Event Reports

Digital dialogue between utopia and dystopia

by David Gregosz, Katharina Naumann

Ambitions of Asian economies are immense

Over the past two decades, the American Silicon Valley has become the center of gravity for software and IT companies causing far-reaching social change through digital innovation and business models. Due to the promising economic outlook, Asian countries also aim to drive the digital future - with big steps and strong political will. In Beijing, Singapore, Tokyo, and Seoul, digital technologies are seen as an opportunity to accelerate economic development.

In Asian mega-cities, digital trends can be seen in a kind of burning glass, providing observers with a hands-on approach to the digital future. Therefore, the KAS regional program "Political Dialogue Asia" of the Konrad-Adenauer-Stiftung brought together digital experts from Asia and Germany in Tokyo. In the capital of the world's third-largest economy, they discussed foreseeable technology surges, the future of work and appropriate digital strategies in connected societies.

The conference focused on the question of whether robots or digital technologies can replace human labor. Can the company of the future survive purely on connected, self-regulating machines, devices and products without people? What are the political and social implications? In addition to the exchange of perspectives and experiences, the participants were able to gain practical insights into of autonomous systems and the state of robotics on site during company and university visits.

Not only does the majority of the world´s internet users live in Asia. But massive support for technological breakthroughs in IoT applications, cloud technologies, artificial intelligence or robotics make Asia one of the most dynamic regions in the world. Through various government programs (Japan's "Society 5.0", Singapore's "Smart Nation Initiative") and industrial strategies ("Made in China 2025"), Asian states demonstrate their claim to technology leadership and the will to use and decisively shape the digital transformation. The rapid expansion of the physical infrastructure is a self-evident task, which is tackled with considerable funding.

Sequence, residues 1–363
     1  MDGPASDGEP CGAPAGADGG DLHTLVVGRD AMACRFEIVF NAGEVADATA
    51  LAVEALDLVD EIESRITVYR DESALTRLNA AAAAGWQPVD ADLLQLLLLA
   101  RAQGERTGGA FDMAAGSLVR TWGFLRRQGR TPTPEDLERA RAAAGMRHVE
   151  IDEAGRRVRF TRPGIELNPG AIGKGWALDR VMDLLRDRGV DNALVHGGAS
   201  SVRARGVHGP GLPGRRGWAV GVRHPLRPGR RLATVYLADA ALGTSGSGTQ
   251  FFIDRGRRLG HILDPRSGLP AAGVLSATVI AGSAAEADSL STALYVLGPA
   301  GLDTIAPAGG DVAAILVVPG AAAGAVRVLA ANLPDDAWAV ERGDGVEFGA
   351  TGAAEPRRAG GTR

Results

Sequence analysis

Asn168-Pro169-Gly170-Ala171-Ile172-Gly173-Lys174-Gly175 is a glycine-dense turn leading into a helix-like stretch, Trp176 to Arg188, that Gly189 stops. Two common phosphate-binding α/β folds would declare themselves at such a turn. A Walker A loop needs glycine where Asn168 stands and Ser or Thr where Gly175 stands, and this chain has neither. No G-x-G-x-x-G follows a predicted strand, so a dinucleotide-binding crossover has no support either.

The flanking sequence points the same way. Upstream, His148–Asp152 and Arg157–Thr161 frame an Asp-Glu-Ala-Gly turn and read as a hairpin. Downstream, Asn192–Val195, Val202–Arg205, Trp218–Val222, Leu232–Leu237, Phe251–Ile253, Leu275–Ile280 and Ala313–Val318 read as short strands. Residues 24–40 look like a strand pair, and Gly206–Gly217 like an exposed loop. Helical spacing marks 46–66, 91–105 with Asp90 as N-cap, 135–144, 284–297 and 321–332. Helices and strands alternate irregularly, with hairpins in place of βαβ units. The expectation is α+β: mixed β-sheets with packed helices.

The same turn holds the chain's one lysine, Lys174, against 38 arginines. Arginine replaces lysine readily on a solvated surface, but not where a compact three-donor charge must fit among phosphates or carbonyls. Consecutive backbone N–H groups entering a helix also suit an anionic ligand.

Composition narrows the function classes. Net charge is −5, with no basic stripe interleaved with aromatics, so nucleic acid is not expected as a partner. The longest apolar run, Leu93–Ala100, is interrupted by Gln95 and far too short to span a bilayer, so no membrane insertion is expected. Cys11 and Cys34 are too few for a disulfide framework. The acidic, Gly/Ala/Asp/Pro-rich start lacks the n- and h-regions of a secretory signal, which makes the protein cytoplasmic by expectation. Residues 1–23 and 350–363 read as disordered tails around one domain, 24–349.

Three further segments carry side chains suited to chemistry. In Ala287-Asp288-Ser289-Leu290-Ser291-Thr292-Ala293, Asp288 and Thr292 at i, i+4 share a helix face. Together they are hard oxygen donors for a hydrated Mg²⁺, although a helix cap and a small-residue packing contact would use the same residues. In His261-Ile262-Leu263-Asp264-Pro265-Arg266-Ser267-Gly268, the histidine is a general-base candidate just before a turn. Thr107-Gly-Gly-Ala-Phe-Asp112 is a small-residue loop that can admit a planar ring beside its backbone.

During the discussions it emerged that the digital revolution could hit labor markets in emerging and developing countries in particular, due to their focus on manufacturing, labor-intensive or agricultural sectors. The fact that those countries are especially vulnerable and the impact this will have on their society has not been adequately addressed in the international future-of-work debate so far.

Studies anticipate a considerable potential for rationalization in developed countries as well due to the progressive development in the field of artificial intelligence, affecting even jobs requiring a high degree of qualification (doctors, lawyers). However, reforms of the education, tax and social systems can help to absorb these upcoming changes.

A major conclusion of the meeting was that digitization does not necessarily create less jobs, but different jobs.

A holistic digital strategy therefore has to include the following:

  • gradual improvement of the physical infrastructure,
  • ensuring digital participation,
  • development of innovative, lifelong learning and digital skills,
  • review of existing social and tax systems and labor market policies,
  • promoting of e-government,
  • ensuring data sovereignty and
  • adapting the regulatory framework to the digital age.
In all these fields, Germany can learn from best practice examples in Asia.